A new tarp is placed to conceal the body of one of the construction workers who died in the partially collapsed Hard Rock building in New Orleans, La. Wednesday, Jan. 22, 2020.

When the tarp shifted to expose the body of one of the men killed in the October collapse of the Hard Rock Hotel in downtown New Orleans, it was as if someone had ripped a bandage off a wound.

The pain of the tragic incident, and the horror of knowing the remains of two deceased construction workers remain trapped in the wreckage, again felt new, and frustration bubbled to the surface and spread on the internet. It was fueled by confusion over changing plans to handle the partially collapsed 18-story building, which was first slated to be imploded, then dismantled piece by piece over much of 2020, and now imploded in March.

We get it. It’s an awful situation. There’s too much we don’t know, and what we are told seems to keep changing.

We also get that no local government has the in-house expertise to handle a tragedy of this scale, that much of what happens is subject to outside forces such as experts, investigators, and insurers, and that fault takes time to be fully, legally determined. That’s true whether or not the City Council holds hearings, which it is now planning to do.

Mayor LaToya Cantrell has come under growing attack for a crisis she did not cause. She deserves credit for being candid with the public, even if it sometimes appears that the city can’t settle on a demolition plan. But when it comes to her tone, the criticism is at least somewhat deserved. Her response to what she sees as some council members’ intrusion onto her turf is misplaced. Hearings surely would produce some political theater, but they might also provide more clarity to the public. The city's inspector general has warned that they could impede ongoing investigations, though, so if the council goes ahead, it should take every precaution to make sure that doesn't happen.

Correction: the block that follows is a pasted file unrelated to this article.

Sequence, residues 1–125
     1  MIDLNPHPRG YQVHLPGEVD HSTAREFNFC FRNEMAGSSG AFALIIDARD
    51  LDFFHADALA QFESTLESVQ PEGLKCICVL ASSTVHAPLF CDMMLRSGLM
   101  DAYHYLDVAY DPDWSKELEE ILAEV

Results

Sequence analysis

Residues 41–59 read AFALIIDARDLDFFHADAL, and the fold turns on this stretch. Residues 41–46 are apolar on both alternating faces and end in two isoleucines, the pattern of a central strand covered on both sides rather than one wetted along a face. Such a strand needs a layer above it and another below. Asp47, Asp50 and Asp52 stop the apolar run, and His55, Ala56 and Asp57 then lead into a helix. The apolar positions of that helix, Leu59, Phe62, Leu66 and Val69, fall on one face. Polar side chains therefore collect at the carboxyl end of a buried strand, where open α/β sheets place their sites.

What council hearings won’t do is nail down all the answers. Some of those will presumably come from an OSHA report that’s expected in April. There could also be criminal investigations, and there surely will be years of fighting in civil court.

A combative Monday interview by the developers’ lawyer with WWL radio host Newell Normand, the first extensive comments from the consortium to date, previewed at least some of what’s still to come. Kerry Miller spent his air time deflecting blame. He argued that his clients, 1031 Canal Development LLC, weren’t the contractors and engineers who worked on the project, even though the prime contractor is part of the consortium. He lashed out at the “Twitter-fueled flash mob” demanding accountability from those who oversaw the project and even planted the idea that some of the anger at majority partner Mohan Kailas was racially motivated.

He and his clients should spare us the complaints. The real victims are still trapped in the wreckage of the Hard Rock.